This is because the principles of effectiveness, proportionality and subsidiarity, for instance, are concerned primarily with the interaction of domestic law with EU law, which has not been unambiguously supreme since 2020. Accordingly, the accounting periods in which EU law was supreme have been gradually falling out of time in any event.

The principle of fiscal neutrality – that is, the principle that supplies which are identical or sufficiently similar from the perspective of a consumer should be taxed in the same way – is more important; a cornerstone of the VAT system. However, the Supreme Court has already recognised fiscal neutrality as underpinning ‘domestic law jurisprudence in relation to VAT’ (DCM Optical Holdings [2022] UKSC 26 at [34]). In this way, the Supreme Court has ‘saved’ fiscal neutrality from the abolitionist clauses of the Act.

As for the remaining general principles of EU law, such as legal certainty and the protection of legitimate expectation, English common law has long recognised comparable if not identical rights. The standard judgment on legitimate expectation, for instance, is that of the Court of Appeal in R (oao Coughlan & Ors) v North & East Devon Health Authority [1999] EWCA Civ 1871, as endorsed by the Supreme Court in Finucane [2019] UKSC 7.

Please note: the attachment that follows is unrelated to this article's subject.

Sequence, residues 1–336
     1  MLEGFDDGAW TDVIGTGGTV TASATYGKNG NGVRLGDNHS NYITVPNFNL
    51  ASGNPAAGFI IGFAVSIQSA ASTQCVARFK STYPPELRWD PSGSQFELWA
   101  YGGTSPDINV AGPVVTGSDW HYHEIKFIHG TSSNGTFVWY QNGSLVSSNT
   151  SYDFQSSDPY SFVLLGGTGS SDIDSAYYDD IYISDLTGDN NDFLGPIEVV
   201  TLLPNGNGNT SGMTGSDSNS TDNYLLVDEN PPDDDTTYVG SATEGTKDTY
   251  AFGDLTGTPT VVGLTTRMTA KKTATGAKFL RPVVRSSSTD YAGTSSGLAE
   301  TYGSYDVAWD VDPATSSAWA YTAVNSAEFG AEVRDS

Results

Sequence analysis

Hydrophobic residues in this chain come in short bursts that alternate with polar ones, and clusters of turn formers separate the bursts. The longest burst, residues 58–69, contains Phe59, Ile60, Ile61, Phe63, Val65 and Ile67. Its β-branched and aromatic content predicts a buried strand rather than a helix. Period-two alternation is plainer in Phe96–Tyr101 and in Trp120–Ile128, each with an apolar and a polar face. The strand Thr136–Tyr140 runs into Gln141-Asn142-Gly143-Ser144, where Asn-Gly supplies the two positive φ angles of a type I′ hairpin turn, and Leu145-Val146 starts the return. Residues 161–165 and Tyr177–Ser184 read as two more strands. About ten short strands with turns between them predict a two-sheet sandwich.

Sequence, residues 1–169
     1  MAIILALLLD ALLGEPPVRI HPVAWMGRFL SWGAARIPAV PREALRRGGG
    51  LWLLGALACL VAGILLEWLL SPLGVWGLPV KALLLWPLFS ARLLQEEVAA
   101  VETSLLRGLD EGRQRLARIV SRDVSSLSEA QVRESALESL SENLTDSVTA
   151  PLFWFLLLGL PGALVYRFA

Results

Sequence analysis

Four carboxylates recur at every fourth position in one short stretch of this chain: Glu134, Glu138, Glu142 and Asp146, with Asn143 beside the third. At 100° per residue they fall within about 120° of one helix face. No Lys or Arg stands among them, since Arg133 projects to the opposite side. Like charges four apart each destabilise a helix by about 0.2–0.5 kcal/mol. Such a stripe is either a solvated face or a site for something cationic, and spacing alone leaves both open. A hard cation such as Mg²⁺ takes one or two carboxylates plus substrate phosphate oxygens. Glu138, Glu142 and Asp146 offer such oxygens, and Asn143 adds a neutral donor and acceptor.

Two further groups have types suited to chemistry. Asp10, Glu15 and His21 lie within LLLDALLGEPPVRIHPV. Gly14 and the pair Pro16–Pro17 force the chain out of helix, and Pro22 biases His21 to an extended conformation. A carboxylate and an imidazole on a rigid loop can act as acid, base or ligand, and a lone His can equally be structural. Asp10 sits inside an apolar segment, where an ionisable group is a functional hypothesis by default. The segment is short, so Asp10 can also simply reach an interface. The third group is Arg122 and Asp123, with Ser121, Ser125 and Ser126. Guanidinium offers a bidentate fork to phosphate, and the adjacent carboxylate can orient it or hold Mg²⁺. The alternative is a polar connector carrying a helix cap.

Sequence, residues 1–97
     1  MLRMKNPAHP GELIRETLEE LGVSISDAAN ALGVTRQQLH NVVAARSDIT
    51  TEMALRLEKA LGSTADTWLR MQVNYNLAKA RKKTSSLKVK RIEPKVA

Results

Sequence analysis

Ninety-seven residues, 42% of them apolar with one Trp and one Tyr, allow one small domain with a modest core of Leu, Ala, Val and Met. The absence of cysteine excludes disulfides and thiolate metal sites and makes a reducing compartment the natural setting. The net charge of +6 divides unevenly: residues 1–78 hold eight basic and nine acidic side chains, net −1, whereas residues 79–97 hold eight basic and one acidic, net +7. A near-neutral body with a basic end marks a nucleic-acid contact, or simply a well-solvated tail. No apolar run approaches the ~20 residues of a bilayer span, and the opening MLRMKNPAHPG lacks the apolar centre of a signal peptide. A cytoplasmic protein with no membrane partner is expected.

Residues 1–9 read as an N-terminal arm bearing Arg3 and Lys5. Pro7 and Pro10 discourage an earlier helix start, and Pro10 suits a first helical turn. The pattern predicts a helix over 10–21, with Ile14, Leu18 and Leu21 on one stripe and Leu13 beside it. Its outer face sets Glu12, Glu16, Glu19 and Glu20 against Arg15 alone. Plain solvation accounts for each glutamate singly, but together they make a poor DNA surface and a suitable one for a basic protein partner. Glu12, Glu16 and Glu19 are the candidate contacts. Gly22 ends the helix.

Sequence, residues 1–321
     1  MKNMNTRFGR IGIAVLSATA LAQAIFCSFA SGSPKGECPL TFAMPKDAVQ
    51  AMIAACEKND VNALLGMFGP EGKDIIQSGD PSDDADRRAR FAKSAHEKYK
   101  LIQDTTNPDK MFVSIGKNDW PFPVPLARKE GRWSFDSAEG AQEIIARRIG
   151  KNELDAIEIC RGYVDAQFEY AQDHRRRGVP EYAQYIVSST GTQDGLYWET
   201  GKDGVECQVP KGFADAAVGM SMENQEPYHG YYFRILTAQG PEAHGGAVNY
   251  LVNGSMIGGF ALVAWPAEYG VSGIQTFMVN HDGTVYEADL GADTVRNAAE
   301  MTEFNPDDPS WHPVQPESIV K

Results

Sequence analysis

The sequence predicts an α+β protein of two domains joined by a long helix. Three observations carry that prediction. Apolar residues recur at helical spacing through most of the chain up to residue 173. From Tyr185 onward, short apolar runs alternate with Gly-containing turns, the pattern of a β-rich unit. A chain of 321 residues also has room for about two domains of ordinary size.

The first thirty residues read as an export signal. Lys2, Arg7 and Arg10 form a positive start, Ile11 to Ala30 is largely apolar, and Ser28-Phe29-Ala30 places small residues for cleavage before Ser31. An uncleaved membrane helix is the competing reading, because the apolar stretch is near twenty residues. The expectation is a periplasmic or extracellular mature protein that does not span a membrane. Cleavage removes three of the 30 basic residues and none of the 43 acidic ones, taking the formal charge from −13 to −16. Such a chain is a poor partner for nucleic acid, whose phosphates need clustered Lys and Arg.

Retained EU case law

Turning to the status of retained EU case law – and it should be noted that anything heretofore referred to as ‘retained’ will from 1 January 2024 be known instead as ‘assimilated’ law – the Act does not disturb the present practice, whereby the Court of Appeal in England and Wales may depart from retained EU case law (if, per the Bristol Aeroplane dictum, it has not already endorsed it) and the Supreme Court is not bound by any such retained EU case law.

It appears, however, that Section 6 of the Act has amended the tests that apply to decisions on whether to depart from retained EU case law. From 1 January 2024, the Court of Appeal will be obliged to consider: ‘the fact that decisions of a foreign court are not (unless otherwise provided) binding’; ‘any changes of circumstances which are relevant to the retained EU case law’; and ‘the extent to which the retained EU case law restricts the proper development of domestic law’.

As for the Supreme Court, from 1 January 2024 it will be empowered to depart from its own retained domestic case law – i.e. previous Supreme Court and House of Lords judgments which applied EU law – if it considers it right to do so, having regard to ‘the extent to which the retained domestic case law is determined or influenced by retained EU case law from which the court has departed or would depart’, ‘any changes of circumstances which are relevant to the retained domestic case law’, and ‘the extent to which the retained domestic case law restricts the proper development of domestic law’.

It would appear, therefore, that the anticipated sunset of retained EU law, retained EU case law, and the general principles of EU law will be considerably less dramatic than the draft versions of this legislation had suggested, and that the VAT system should continue to operate much as it has done since the expiration of the Brexit implementation period. How all this plays out in practice, of course, remains to be seen.